Cyber-attacks show PH 'vulnerability' - group

MANILA, Philippines - The group behind the crowdsourced Magna Carta for Philippine Internet Freedom, which is being pushed by Sen Miriam Defensor Santiago, said that the recent distributed denial of service (DDoS) attacks on government websites showed the "vulnerability" of the country's Internet security.

Democracy.Net.Ph urged the government to take steps to improve cyber-security before attacks "endanger lives and property," the group said in a statement Saturday, May 11.  

"We at Democracy.Net.Ph reiterate our concern at the state of Philippine cybersecurity, especially the defense of our national cyber-resources. Today’s cyber-attack, as well as similar past incidents, highlights the vulnerability of our cyber-infrastructure."

"Unfortunately, except for the fleeting references to the Cybercrime Prevention Act, information and communications technology (ICT) issues have largely been ignored in this election cycle," 

"We, as a nation, must engage in a serious discussion of a rational, comprehensive, and constitutional approach toward the development and defense of our national cyber-resources before cyberattacks endanger lives and property. An indispensable first step is to elect leaders who are cognizant of ICT issues and who will genuinely work toward protecting and promoting our rights and security in cyberspace."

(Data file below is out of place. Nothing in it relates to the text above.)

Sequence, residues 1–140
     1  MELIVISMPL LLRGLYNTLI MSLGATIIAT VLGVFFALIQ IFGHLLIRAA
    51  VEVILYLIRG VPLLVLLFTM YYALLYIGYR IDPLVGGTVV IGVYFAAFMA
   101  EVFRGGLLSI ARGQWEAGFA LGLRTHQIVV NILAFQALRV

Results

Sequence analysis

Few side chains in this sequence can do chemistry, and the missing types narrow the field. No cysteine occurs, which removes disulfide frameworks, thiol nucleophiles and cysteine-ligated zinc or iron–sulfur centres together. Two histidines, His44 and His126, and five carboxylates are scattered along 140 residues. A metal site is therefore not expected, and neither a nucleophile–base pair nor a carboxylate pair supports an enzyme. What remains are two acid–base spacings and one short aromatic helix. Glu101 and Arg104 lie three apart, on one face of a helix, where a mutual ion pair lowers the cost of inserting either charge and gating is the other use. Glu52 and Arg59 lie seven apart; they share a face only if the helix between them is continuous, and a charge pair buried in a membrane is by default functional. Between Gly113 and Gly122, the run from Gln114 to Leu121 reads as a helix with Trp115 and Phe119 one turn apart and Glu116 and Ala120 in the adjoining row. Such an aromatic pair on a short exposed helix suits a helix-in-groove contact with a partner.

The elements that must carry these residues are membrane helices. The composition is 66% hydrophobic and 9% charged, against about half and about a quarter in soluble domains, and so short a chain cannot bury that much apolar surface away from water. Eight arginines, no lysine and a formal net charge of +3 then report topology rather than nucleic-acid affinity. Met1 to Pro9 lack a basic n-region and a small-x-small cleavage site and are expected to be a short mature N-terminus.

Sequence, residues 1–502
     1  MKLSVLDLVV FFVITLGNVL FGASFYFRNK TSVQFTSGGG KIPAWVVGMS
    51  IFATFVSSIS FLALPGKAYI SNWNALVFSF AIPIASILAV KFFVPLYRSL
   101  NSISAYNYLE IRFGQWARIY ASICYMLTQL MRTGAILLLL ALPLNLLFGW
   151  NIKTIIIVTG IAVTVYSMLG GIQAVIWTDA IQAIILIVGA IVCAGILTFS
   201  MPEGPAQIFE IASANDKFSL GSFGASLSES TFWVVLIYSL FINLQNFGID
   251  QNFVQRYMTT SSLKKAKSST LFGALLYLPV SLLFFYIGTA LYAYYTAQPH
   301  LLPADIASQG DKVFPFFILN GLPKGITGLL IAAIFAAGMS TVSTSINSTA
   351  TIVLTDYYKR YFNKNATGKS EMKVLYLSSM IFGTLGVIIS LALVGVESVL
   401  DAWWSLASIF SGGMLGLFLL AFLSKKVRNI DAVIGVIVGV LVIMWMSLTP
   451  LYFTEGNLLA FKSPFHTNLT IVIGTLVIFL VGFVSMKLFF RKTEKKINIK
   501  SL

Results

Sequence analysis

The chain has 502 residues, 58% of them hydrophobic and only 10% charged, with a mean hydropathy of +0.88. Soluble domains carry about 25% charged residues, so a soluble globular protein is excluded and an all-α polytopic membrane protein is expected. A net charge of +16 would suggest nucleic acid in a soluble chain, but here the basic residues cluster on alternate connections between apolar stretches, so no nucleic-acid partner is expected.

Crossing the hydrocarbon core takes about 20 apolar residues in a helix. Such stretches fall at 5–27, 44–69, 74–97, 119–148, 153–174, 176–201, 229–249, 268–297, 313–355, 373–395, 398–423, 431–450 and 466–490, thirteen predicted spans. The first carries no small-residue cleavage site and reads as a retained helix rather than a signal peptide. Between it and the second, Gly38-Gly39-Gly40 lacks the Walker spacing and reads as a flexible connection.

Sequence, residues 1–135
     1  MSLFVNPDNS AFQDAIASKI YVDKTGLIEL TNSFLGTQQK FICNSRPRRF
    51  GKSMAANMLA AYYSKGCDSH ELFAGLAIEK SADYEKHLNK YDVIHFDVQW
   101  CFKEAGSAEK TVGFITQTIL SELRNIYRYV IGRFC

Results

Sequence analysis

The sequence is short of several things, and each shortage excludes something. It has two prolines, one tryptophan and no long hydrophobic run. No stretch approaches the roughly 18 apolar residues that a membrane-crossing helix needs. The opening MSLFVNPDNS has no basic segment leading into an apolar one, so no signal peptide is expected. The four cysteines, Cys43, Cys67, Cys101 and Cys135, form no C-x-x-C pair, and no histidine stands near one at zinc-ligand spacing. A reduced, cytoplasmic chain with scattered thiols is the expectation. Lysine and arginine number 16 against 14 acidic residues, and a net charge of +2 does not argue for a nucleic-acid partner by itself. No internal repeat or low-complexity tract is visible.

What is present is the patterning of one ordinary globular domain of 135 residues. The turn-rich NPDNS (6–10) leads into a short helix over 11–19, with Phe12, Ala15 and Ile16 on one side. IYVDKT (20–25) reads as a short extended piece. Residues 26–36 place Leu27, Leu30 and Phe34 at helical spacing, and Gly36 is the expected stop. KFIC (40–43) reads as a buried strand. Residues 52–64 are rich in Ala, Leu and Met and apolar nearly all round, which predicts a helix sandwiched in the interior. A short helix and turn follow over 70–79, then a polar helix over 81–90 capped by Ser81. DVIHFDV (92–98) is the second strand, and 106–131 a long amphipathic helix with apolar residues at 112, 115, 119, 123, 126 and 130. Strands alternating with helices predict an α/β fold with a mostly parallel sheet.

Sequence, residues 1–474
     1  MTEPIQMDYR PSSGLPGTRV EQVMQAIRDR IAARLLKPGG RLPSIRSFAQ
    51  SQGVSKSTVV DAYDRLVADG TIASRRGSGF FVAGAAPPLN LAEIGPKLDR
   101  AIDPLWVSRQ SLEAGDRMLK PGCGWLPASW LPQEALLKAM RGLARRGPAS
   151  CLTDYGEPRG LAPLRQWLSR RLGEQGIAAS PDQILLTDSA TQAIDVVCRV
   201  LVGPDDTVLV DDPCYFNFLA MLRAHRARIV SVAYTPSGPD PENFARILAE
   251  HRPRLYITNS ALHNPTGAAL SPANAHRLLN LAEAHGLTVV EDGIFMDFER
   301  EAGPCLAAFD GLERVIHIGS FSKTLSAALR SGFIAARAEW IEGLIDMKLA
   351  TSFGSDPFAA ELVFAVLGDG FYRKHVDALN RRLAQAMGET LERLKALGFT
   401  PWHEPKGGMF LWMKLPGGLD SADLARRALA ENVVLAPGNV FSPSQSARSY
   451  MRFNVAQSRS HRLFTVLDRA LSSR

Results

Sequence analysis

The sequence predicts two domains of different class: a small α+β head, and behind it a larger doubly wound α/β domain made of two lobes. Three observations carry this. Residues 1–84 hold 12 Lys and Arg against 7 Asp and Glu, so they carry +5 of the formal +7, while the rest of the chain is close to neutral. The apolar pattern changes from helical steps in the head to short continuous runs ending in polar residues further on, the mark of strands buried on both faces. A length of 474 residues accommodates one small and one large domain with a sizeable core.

At 4:10 pm on Saturday, May 11, the Department of Science and Technology (DOST) acknowledged the DDoS attacks that rendered government websites inaccessible.

The websites of the following agencies were targeted:  


The attacks occurred 2 days before the country's midterm elections, thereby denying voters access to information about the polls. According to a GMA report, the attacks linked to a Taiwanese webpage.

Santiago, who filed the bill on November 2012, described the Magna Carta for Philippine Internet Freedom as "anti-cybercrime law version 2.0."

The bill does not include controversial provisions in the anti-cybercrime law such as the collection of real-time traffic data and the "takedown clause," which would allow the government to block access to a website or network without a court order. - Rappler.com